How to Install Wood Floor in your Bathroom


If you’ve ever seen a wood floor with cupped boards, big gaps, or buckling, you’ve seen a wood floor that has responded to very wide variations in humidity. Seasonal variation is normal, but uncontrolled humidity from any number of sources—a damp basement, water spilled from a bathtub, overspray and humidity from a shower—can stress a wood floor’s ability to absorb and release moisture. And because a bathroom environment is, by definition, a wet one, the bias against wood flooring there is understandable. But wood floors can be detailed to limit moisture absorption and can serve well in the right kind of bathroom.

Wood Floor bathroom

For a wood floor in any part of the house, a felt-paper underlayment is the first line of defense against moisture getting to it from underneath. As with resilient flooring, mark joist locations on the wall before rolling out the felt paper. After the paper is stapled down with about a 2-in. overlap, I like to snap lines to indicate the joists and make it easier to hit them when nailing the flooring down. Besides keeping moisture from migrating into flooring from underneath, the felt-paper underlayment also helps to protect against squeaking floors.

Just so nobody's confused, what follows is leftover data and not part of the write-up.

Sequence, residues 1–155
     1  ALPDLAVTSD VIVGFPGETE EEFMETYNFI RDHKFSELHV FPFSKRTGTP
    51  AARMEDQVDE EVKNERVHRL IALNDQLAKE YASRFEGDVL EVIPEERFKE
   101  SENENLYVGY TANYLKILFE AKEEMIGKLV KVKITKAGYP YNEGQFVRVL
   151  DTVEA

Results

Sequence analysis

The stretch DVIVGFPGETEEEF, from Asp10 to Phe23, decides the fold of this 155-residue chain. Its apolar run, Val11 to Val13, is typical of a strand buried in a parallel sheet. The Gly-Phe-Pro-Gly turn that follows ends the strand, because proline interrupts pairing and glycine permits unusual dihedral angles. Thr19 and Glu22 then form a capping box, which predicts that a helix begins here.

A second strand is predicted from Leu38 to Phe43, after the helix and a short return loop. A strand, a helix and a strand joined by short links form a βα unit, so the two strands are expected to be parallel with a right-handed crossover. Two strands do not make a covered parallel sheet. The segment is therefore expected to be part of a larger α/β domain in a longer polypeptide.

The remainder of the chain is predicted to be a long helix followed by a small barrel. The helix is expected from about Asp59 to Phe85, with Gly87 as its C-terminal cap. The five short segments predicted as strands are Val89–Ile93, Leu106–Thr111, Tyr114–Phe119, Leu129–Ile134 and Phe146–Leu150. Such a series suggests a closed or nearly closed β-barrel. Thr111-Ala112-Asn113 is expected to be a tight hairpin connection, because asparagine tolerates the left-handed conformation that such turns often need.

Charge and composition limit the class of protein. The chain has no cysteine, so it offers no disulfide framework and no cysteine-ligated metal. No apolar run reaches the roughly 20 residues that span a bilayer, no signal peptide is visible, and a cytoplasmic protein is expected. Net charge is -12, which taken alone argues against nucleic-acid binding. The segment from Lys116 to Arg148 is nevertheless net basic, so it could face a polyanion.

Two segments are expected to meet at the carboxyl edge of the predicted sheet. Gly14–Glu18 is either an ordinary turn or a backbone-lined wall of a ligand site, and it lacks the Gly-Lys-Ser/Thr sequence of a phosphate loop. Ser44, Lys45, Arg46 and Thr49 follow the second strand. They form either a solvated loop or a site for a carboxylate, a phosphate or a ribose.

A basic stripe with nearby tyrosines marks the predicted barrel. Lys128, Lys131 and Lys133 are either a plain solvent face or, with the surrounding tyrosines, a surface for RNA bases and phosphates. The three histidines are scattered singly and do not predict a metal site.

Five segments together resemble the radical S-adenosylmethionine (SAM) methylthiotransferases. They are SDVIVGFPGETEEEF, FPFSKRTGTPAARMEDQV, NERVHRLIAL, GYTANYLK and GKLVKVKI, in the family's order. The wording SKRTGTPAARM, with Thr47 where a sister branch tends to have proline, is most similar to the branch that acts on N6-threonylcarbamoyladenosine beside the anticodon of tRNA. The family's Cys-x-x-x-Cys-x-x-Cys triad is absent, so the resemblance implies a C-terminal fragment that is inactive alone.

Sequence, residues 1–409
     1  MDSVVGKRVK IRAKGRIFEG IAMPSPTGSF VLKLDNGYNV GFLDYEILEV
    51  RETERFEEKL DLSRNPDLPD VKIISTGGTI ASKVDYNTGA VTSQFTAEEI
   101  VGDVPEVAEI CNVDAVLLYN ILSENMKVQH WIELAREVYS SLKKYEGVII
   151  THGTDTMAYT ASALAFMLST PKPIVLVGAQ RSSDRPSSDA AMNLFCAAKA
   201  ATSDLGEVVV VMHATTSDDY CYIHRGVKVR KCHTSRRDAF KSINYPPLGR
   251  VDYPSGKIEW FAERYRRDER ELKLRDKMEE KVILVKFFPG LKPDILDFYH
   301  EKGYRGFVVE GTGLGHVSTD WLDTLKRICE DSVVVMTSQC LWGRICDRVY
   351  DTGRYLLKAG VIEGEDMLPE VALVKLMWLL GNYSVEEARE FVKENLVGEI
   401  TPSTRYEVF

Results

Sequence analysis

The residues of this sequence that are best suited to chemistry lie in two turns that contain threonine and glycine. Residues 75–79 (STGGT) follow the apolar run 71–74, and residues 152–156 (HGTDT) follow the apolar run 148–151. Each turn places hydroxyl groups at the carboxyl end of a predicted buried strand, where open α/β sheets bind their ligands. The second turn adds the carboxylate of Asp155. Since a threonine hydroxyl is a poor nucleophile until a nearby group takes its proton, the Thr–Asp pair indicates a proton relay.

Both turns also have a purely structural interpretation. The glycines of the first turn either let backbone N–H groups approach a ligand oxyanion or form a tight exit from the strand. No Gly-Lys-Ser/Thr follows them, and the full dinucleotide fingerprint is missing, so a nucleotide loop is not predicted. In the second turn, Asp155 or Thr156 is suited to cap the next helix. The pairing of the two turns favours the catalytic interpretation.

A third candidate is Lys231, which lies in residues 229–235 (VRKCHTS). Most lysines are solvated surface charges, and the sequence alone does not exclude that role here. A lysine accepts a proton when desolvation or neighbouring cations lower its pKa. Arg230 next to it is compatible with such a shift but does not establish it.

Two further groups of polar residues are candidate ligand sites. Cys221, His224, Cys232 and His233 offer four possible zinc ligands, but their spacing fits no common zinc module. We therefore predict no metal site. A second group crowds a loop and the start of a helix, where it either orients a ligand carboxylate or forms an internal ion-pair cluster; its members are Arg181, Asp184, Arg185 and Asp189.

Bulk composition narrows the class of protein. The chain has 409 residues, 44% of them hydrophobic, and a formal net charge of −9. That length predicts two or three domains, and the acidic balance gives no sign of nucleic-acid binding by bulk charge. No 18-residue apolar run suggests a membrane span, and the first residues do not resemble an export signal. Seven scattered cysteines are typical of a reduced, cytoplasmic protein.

Cupping and buckling is caused by uneven moisture absorption, usually from the underside of the floor. The floor finish protects the surface of the wood flooring and its exposure to air allows it to dry out quickly, but the edges and underside of the flooring are usually unprotected from moisture and dry out more slowly. Prefinishing these areas with a moisture-inhibiting finish like a urethane varnish will make a big difference in the amount of moisture the flooring can absorb. Water-based polyurethane is handy because it dries quickly, making the tedious task of back-priming a little easier and less messy.

Wood Floor bathroom

It is often difficult to sand a wood floor in the tight confines of a bathroom. I’ve gotten good results using a belt sander and a random-orbit sander when the big floor sander just wouldn’t fit. I try to use the edging sander sparingly, as it tends to leave swirls and an uneven surface that are especially noticeable in highly visible areas, such as right in front of the tub.

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Related posts:

  1. How to Install Resilient Flooring in your Bathroom
  2. How to Choose a Wood Floor in your House
  3. How to Sand a Wood Floor
  4. How to Finish Your Wood Floor
  5. How to Install Ceramic Tile in your Bathroom

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About the Author: Jason Prickett loves to write about home maintenance and stuff you can do yourself instead of hiring any professional. His step by step guides will assist you in completing your home maintenance tasks.

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